Due to a conference I was scheduled to attend, I missed the Memorial Mass here at Dalghren Chapel, where his son Don, now at Michigan Law School, gave a touching eulogy of his father. However, we had a second Mass at Our Lady of Victory, where Father Dick McSorley read a brief passage in which young Don said, “When we were praying for some kind of physical miracle for my father, he told me, when he was very sick, ‘You know, Don, the real miracle of my life is that I have loved and that I have been loved by all of you.’ ” At the homily in Our Lady of Victory, a passage from St. Francis de Sales was cited in which St. Francis recalled that God never takes a harvest unless it is in full season to be taken.

Don Kerwin always seemed to me to be simply a good man—gentlemanly, genuine, humorous, competent, patient, faithful, rather the sort Aristotle referred to when he told us to do in our actions “what the good man would do.” As he became more invalid, Don would read a bit each day from Father Joe Tylenda’s new translation of Thomas A’Kempis. The difference between the good man of Aristotle and the good man of the Christian revelation has, probably, mostly to do with the kind of enigmatic suffering a good man unaccountably, by our standards, undergoes. In the Third Book of The Imitation of Christ, Don may have read, “My Son, do not let the work you have undertaken for me wear you down, nor let tribulation dishearten you, but always let my promise strengthen and console you. The reward I offer you is beyond measure and without limit.”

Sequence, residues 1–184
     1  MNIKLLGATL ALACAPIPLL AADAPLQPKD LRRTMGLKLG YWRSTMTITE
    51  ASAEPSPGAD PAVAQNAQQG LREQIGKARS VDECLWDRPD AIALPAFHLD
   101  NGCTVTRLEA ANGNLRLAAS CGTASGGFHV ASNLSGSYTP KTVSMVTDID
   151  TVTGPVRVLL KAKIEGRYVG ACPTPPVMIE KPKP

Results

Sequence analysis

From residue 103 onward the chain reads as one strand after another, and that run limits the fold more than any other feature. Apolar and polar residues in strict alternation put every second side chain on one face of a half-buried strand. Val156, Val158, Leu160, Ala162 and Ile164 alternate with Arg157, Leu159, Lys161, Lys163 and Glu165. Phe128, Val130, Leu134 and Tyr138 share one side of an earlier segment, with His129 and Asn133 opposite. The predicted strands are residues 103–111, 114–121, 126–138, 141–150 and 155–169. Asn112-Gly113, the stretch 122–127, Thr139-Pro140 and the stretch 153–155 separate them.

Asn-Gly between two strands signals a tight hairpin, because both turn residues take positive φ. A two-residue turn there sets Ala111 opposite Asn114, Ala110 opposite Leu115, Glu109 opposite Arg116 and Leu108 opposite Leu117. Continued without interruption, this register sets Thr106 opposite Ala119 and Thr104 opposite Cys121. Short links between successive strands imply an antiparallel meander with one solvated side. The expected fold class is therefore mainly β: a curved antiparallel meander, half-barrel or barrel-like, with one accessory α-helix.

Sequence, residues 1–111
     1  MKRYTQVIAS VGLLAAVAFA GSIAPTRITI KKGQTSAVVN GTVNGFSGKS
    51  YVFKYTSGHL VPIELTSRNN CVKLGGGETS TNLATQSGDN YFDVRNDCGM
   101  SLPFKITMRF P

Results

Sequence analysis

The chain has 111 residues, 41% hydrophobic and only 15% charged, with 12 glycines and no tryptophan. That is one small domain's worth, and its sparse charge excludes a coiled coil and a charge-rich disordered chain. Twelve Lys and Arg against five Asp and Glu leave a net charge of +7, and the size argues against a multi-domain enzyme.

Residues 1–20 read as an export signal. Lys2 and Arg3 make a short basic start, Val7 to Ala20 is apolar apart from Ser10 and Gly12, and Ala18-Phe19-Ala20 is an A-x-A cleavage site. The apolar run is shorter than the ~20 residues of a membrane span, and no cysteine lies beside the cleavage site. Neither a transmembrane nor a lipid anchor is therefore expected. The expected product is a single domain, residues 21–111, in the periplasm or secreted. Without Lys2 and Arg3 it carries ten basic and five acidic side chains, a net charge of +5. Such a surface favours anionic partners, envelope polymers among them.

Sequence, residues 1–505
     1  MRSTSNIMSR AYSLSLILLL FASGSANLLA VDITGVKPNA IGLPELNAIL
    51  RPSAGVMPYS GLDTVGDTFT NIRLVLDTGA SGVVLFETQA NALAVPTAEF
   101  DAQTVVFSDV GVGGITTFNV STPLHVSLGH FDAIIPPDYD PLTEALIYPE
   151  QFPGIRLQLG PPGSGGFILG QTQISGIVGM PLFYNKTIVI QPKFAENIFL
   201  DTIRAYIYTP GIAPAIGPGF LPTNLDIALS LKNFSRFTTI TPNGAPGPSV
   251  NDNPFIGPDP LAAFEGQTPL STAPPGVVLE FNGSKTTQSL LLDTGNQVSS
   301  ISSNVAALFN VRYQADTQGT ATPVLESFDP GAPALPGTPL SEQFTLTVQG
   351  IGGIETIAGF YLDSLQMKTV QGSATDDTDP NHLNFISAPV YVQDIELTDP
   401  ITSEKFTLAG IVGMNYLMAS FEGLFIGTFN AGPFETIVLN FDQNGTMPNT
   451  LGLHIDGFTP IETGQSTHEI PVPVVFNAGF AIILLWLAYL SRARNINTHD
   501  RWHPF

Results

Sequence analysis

We are a generation of Christians who seem to be taught mostly about the world, about “causes,” about staying alive, about somebody else’s injustices and protests—a kind of horizontal spirituality. That is all right in a way, but the death of a good man, a doctor who knows about death, in what ought to be the prime of his life, of a disease his profession cannot itself handle in his case, brings us back to the real miracles of our existence, however long we live, in whatever conditions of gentility or suffering, or both. The “miracle” of Don Kerwin’s existence, beginning with the very fact that he did exist, was what he said it was to his son. Such are, after all, the words we read in the Epistle of St. John: “we are to love, then, because He loved us first.” Such passages of great depth are mostly abstractions to us, I think, until we see them in the lives of friends, who were indeed good, faithful men.

James V. Schall

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James Vincent Schall, S.J. is an American Jesuit Roman Catholic priest, teacher, writer, and philosopher. He was, most recently, Professor of Political Philosophy in the Department of Government at Georgetown University.